The CDC updated its guidelines on Dec. 27, saying asymptomatic people who test positive for COVID-19 should self-isolate for five days rather than 10.

“The American people should be able to count on the Centers for Disease Control and Prevention (CDC) for timely, accurate, clear guidance to protect themselves, their loved ones, and their communities. Instead, the new recommendations on quarantine and isolation are not only confusing but are risking further spread of the virus,” the American Medical Association’s president, Dr. Gerald E. Harmon, said in a statement Wednesday night.

Harmon referenced data cited by the CDC in its rationale for shortening the isolation period, which estimates 31% of people remain infectious five days after a positive COVID-19 test, suggesting that data proves thousands of Americans could return to their lives while still infected.

“With hundreds of thousands of new cases daily and more than a million positive reported cases on January 3, tens of thousands — potentially hundreds of thousands of people — could return to work and school infectious if they follow the CDC’s new guidance on ending isolation after five days without a negative test,” Harmon said. “Physicians are concerned that these recommendations put our patients at risk and could further overwhelm our health care system.”

Harmon said a negative COVID-19 test should be required for ending isolation after a positive test, as reentering society without knowing whether an individual is still positive ultimately risks further transmission of the virus.

Although test availability remains an issue nationwide, Harmon also called on the Biden administration to ramp up production and distribution of tests, adding that “a dearth of tests at the moment does not justify omitting a testing requirement to exit a now shortened isolation.”


11 p.m.

The Rev. William Barber said on social media that he has tested positive for COVID-19. Barber said his symptoms so far “are very mild.”

The activist, who is vaccinated, said he will notify close contacts and isolate for five days.

Barber also encouraged people who have not done so to get vaccinated or receive a booster shot as soon as possible.

I want to express my gratitude for the vaccines and booster shots that prepared my body to fight the virus, and I encourage anyone who has not received a vaccine or booster, if they are eligible, to do so as soon as possible.

— Rev. Dr. William J. Barber II (@RevDrBarber) January 6, 2022

6 p.m.

A steady stream of people continued to fill Wake County’s COVID-19 testing sites.

One of those people, Jorge Olea, has had a frustrating few days.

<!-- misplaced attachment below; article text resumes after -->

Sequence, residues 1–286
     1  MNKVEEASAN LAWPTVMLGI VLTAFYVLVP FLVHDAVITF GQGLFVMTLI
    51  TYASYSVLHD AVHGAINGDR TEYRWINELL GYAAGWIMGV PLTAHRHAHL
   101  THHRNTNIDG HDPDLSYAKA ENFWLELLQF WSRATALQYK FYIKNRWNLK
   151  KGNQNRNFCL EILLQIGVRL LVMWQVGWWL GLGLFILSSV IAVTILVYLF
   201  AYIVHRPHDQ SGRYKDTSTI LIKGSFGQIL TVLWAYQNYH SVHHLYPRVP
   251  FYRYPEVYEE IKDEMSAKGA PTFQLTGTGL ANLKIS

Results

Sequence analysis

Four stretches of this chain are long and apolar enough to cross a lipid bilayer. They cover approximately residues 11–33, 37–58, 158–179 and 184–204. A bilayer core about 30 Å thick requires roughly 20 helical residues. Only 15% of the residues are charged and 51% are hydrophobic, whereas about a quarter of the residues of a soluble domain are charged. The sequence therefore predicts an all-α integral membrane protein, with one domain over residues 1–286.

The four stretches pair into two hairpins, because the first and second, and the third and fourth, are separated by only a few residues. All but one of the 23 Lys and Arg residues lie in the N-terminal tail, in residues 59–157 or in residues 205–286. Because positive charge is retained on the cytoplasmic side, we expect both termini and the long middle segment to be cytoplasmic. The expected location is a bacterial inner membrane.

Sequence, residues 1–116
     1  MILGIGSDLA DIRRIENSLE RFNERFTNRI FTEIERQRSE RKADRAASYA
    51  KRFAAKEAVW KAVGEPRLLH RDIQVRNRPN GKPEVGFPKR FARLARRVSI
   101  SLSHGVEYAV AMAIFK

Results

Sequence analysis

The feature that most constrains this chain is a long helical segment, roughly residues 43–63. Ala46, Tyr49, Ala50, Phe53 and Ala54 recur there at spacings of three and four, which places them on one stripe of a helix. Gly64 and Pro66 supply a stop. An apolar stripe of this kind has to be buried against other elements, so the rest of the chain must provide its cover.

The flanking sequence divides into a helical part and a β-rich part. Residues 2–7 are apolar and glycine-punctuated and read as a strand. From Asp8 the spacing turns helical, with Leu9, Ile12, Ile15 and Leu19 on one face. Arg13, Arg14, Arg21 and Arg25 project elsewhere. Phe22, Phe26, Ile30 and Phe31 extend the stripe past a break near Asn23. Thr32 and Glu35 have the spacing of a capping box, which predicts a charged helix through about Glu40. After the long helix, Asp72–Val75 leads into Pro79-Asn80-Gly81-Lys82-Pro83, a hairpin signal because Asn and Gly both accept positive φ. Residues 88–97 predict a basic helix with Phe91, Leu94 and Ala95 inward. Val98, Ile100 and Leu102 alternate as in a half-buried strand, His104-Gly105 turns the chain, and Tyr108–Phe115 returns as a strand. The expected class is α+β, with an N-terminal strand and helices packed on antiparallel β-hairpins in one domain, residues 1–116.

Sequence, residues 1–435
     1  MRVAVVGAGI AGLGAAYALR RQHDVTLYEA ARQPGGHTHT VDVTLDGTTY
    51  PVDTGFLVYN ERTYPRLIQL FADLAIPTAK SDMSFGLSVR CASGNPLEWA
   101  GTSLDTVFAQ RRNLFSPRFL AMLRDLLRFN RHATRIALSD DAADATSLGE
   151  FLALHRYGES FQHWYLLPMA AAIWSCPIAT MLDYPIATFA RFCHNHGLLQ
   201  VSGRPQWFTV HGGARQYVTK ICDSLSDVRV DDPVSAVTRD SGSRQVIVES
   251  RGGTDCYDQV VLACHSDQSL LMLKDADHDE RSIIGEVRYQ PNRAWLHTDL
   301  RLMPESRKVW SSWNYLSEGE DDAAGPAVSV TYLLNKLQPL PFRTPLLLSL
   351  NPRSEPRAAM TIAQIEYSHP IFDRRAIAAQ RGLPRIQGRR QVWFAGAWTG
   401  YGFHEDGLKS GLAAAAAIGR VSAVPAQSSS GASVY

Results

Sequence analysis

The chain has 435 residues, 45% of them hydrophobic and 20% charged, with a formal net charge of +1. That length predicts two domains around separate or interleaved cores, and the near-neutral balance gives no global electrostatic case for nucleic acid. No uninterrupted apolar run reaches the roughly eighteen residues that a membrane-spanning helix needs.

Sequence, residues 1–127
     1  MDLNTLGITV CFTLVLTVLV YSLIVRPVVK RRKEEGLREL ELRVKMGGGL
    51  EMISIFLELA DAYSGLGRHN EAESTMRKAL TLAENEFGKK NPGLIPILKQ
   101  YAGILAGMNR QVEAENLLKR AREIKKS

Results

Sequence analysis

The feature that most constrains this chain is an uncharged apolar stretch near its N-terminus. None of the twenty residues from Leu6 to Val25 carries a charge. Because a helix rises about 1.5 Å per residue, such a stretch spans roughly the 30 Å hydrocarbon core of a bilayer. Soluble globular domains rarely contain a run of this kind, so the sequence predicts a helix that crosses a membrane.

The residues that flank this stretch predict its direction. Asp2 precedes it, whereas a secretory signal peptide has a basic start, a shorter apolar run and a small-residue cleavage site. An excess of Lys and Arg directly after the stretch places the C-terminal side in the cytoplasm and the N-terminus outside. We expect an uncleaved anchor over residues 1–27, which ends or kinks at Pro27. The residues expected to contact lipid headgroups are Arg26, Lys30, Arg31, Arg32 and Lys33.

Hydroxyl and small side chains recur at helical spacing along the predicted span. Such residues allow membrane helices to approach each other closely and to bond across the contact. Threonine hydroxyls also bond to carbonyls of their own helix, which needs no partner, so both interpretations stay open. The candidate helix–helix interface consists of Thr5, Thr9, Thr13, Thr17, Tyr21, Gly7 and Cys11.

“The first day, I remember I had gotten a cold,” Olea told ABC11. “The next day, it was Christmas. And I wasn’t feeling good. And I was like, man why am I feeling like this?”

Olea found out that he tested positive for COVID-19 and said he got it from a co-worker at a restaurant where he works.

“Right now, I’m feeling good,” Olea said Wednesday.

On Wednesday afternoon, he was in line at a drive-up testing location at MLK and Rock Quarry Road, hoping for a better result.

“But at the same time, kind of nervous because what if I come out positive again?” he said. “I don’t want to be in that situation again.”

Meanwhile, in a White House COVID-19 media briefing, Dr. Anthony Fauci cautioned Americans from referring to Omicron as “less severe,” in an effort to get people to take it seriously.

Fauci cited hospital staffing shortages across the country.

Omicron symptoms have generally been much milder than COVID-19 caused by the Delta variant.

CDC Director Rochelle Walensky spoke about at-home rapid tests.

“The FDA has authorized these rapid tests for early in the disease course, the first seven days,” she said. “They’ve said that these tests are for qualitative purposes, not quantitative purposes, meaning we can’t tell how transmissible you are based on a positive or a negative test and that negatives, you know, are often most helpful when we’re using them serially multiple times in a row.”

Walensky says all the pushback made it clear that people wanted to use the rapid tests for this exact purpose — not to tell if you had COVID or not, but to tell if you were through with COVID or not.

Back in Raleigh, some people weighed on when the pandemic might transition to an endemic.

“I don’t have a choice,” Gerald Rich said with a laugh. “I don’t have a choice at all.”

Ceran DeCesaris of Raleigh also had thoughts on when the pandemic will run its course.

“I think it’s 50% mindset, 50% just what it is,” DeCesaris said. “Because the way we’re seeing it, the way we’re like visualizing it in our worlds. Or the way we’re like scared of it or not scared of it, has a lot to do with it I believe.”